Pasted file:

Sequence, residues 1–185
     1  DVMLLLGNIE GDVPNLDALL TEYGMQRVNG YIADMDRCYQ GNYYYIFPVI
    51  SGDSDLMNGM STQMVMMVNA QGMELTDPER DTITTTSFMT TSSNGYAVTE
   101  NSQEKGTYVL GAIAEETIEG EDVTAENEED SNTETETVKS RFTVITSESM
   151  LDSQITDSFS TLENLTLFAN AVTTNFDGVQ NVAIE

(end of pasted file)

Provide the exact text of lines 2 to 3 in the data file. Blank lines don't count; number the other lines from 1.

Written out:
     1  DVMLLLGNIE GDVPNLDALL TEYGMQRVNG YIADMDRCYQ GNYYYIFPVI
    51  SGDSDLMNGM STQMVMMVNA QGMELTDPER DTITTTSFMT TSSNGYAVTE